A few months ago, I spoke at City University London about wireframing for responsive web design where I proposed that paper could be a useful tool for responsive design. Since then, I haven't had many chances to try the technique I proposed hands-on, but a suitable opportunity came up recently when we decided to look into making our own Webcredible site more responsive.
I helped facilitate a workshop to start our responsive design project, and I decided to introduce the idea to my colleagues taking part in the workshop, both UX designers and internal stakeholders. As we were adapting an existing site, we already had a baseline for the content we could include so I started by printing out screenshots of our most important pages. Each person was given one or more of these screenshots, plain empty paper, a pair of scissors and glue. The only instructions were to try and slice up and rearrange page content so that it fits in a single-column layout.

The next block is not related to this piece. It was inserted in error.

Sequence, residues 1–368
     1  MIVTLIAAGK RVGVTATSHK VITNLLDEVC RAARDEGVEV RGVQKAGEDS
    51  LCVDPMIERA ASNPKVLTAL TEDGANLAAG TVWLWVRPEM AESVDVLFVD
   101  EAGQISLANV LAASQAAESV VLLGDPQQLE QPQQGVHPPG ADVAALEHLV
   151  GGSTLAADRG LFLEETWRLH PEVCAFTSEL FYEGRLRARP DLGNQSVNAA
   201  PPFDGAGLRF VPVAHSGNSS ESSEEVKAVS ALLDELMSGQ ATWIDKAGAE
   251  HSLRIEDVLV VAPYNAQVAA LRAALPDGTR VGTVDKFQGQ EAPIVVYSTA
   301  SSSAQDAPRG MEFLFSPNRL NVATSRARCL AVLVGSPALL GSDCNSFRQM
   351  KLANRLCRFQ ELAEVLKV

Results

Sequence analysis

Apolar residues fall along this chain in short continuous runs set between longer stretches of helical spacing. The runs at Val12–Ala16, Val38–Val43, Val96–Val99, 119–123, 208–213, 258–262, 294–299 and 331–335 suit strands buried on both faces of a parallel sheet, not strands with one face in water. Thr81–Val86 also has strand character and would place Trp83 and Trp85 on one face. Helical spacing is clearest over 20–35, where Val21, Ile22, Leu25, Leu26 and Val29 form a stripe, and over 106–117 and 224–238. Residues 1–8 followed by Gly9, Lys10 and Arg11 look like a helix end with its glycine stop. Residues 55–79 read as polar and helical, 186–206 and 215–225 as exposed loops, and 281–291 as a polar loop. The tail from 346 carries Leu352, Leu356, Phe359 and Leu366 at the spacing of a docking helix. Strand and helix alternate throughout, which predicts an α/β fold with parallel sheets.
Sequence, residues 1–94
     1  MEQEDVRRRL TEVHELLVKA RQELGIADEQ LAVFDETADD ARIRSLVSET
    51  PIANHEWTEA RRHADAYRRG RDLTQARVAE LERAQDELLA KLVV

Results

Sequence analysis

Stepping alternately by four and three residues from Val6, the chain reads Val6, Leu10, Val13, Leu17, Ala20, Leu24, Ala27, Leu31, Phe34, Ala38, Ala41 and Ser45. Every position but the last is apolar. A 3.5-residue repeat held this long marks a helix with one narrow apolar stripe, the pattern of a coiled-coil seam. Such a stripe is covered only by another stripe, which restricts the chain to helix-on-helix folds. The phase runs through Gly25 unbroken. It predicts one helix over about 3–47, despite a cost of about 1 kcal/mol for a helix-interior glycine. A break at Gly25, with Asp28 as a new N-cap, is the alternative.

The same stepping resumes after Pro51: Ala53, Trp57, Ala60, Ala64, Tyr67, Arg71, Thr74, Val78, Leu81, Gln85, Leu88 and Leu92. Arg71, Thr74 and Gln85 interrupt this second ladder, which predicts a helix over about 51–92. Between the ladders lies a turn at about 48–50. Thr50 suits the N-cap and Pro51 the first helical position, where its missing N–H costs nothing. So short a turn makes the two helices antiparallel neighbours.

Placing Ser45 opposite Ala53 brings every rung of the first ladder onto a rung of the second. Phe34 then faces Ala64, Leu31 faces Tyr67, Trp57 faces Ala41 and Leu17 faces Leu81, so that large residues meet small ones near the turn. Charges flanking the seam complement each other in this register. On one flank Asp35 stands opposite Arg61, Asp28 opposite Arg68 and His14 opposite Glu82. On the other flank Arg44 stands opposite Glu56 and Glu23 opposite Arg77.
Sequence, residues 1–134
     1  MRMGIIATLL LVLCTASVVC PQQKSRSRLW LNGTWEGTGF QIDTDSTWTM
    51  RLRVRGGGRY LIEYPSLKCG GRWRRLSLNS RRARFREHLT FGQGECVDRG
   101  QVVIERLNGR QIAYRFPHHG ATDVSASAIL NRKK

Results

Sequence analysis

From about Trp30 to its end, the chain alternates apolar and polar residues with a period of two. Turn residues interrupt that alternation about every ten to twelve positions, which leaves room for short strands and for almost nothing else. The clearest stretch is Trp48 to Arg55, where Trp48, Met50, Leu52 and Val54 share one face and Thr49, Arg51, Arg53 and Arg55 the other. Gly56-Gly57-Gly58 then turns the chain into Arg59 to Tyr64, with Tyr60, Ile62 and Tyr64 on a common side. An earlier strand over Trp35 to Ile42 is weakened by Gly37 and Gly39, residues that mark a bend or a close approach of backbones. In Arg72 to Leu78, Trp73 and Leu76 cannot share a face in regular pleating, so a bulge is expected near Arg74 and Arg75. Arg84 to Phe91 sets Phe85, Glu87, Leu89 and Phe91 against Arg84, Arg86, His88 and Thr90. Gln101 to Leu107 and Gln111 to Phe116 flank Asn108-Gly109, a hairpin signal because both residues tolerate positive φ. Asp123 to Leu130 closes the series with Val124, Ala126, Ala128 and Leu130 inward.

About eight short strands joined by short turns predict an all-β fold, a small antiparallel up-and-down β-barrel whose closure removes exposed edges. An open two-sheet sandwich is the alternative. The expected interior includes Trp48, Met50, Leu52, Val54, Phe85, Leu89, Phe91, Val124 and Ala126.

What we all really liked about this method was the speed (as we didn't have to sketch much from scratch) and the flexibility of rearranging pieces of paper before committing to a final solution. The developer in charge of delivering this project also found it helpful to have a visual overview of the intended mobile result based on existing content. Of course, there are limits to how much interactivity you can try to convey through paper, but this didn't stop us from trying. One useful paper prototyping trick that came of the session was to fold a piece of paper to show how a long list of blog tags might be collapsed into a drop-down menu:
To see more high-resolution photos (and a sneak peek at our upcoming responsive site), take a look into our responsive design Pinterest board. And let us know what you think in the comments below - would you consider using paper for responsive design?